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A letter to the USGA: Bifurcation, I say

United States Golf Association
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The comment period is over on the proposed anchoring ban, but I offer more commentary – a letter addressed to Golf House in Far Hills, N.J., home of the U.S. Golf Association:

Dear USGA,

Bifurcate. Ban the anchored stroke for professionals and any of your sanctioned amateur events. Don’t mess with a small percentage of the masses.

You’ve dug in, trying to right a wrong you missed decades ago. I respect it. Can’t disagree with it. But by bifurcating, you solve your traditional swing concerns and minimize immeasurable damage. You save face as the governing body of golf, a title you’ve earned and deserve.

I keep using the wooden bat analogy, which isn’t perfect, but it helps make my point. All amateur baseball players know that if and when they should ever get called up to the big leagues, that they’ll have to abandon the metal bat. The reason why the analogy isn’t perfect: almost all amateur baseball players use a metal bat. A very small slice of amateur golfers use an anchored putter. Based on what I’ve seen traveling the golf world and playing public courses for three decades – and especially the last 10 years – the number of anchored putters I’ve seen would be less than 5 percent. But that’s 5 percent the game can’t afford to lose. Not now. Not ever.

Banning the anchored stroke at the elite level should be enough to deter avid amateurs from adopting an anchored stroke at an early age. And it will be enough to influence the amateurs who anchor now, and who have lofty aspirations, to make the switch to a pure putting stroke.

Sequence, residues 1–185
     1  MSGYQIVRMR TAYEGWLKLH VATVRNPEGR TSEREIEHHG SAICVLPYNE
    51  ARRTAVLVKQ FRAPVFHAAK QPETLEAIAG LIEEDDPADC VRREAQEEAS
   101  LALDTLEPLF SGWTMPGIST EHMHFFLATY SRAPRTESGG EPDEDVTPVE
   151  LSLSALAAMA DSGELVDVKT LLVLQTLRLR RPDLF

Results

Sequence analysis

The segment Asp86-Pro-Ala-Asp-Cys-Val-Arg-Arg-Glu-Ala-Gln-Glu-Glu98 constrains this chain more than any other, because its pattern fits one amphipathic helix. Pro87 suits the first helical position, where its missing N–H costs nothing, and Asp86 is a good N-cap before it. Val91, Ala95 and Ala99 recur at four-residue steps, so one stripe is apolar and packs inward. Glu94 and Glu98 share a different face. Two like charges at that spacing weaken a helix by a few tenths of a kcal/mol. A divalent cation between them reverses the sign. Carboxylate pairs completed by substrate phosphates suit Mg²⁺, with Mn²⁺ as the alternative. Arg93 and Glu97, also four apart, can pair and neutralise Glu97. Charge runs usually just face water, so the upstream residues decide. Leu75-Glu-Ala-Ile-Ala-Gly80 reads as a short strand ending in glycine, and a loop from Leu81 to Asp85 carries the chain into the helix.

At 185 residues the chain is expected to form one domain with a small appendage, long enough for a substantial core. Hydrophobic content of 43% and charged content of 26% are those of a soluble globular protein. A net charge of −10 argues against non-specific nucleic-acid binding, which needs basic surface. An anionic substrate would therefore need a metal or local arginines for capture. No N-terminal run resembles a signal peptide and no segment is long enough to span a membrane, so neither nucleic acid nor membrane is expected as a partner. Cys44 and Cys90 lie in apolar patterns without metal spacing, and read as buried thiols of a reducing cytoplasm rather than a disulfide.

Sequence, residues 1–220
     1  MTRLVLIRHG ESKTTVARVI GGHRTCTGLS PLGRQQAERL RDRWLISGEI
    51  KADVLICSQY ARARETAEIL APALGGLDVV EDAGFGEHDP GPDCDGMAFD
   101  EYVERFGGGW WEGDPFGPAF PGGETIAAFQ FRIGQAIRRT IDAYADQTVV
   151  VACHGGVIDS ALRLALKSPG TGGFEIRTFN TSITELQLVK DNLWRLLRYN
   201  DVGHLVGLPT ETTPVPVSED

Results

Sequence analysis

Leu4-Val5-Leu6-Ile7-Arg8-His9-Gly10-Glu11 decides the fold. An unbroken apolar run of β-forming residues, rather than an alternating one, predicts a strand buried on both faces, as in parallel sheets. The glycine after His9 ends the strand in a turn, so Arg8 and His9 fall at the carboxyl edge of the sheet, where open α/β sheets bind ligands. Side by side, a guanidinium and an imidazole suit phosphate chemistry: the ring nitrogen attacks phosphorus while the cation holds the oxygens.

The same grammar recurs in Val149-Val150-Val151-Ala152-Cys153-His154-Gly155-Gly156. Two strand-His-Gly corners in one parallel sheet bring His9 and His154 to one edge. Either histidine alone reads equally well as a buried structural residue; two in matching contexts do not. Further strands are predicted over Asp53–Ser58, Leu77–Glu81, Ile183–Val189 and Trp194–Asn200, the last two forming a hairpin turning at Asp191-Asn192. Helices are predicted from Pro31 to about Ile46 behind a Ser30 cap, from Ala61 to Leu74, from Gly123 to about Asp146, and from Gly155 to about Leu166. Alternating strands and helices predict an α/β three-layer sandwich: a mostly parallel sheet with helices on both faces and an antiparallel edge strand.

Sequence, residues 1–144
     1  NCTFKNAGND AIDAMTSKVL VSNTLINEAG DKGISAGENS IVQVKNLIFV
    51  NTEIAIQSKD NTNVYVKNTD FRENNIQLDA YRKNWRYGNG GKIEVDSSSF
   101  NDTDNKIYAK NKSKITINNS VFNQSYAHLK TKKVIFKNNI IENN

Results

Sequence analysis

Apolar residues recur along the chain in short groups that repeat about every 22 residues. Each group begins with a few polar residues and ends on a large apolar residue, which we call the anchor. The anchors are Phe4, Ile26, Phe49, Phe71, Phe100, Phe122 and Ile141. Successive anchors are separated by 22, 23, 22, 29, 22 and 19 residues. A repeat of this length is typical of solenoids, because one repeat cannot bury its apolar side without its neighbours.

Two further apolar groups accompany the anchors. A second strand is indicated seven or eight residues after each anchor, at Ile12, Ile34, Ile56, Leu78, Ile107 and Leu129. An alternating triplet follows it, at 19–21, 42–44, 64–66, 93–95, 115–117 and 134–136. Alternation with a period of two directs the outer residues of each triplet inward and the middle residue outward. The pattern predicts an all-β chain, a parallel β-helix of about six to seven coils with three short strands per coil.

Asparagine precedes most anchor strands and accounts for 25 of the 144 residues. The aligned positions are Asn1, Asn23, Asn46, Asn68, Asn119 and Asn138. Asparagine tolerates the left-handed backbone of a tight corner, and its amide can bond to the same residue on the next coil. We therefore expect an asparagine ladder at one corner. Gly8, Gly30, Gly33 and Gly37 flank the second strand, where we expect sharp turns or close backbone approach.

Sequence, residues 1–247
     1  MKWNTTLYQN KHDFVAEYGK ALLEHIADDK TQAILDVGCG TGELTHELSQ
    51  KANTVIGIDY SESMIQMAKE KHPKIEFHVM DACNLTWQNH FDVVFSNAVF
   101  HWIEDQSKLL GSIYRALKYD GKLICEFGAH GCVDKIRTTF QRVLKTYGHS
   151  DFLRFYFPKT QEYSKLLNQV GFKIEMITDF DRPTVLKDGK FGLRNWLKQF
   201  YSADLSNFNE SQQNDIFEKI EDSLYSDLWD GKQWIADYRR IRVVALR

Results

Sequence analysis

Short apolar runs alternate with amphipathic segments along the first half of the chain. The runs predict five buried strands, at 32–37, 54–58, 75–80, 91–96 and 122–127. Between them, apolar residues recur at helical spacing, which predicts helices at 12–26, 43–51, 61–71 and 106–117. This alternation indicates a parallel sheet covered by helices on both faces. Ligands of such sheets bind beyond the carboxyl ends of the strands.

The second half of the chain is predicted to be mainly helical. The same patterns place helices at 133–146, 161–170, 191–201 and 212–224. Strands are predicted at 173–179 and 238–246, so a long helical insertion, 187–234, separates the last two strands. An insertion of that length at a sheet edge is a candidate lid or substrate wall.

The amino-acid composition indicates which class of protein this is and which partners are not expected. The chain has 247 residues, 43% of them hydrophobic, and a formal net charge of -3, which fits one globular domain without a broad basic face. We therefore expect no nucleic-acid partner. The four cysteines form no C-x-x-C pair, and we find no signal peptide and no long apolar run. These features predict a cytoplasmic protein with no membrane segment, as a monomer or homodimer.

You can’t possibly be worried about the Jim Cowans of the world, can you? My dad's friend, who is 83, uses an anchored putter in hard-fought $1 Nassaus at his local nine-hole executive course in Southern California. Leave Jim alone. And all of the other casual amateurs who are busy trying to squirrel away the time, money and excuses to get in their 10 rounds a year. Even if they're anchoring, we both know their inconsistent participation will result in consistent mediocrity from tee and especially the greens. And if they've convinced themselves it makes the game easier and/or extends their life as an active golfer, then shouldn't you be doing everything but banning it?

By bifurcating, your band of neatly-pressed blue coats come off looking reasonable; willing to compromise for the good of the game. Your game. Which, on the court of public opinion, is busy dribbling legitimate issues such as: slow play, water conservation, affordability, accessibility and fun factor.

It’s March, time to end the anchoring madness.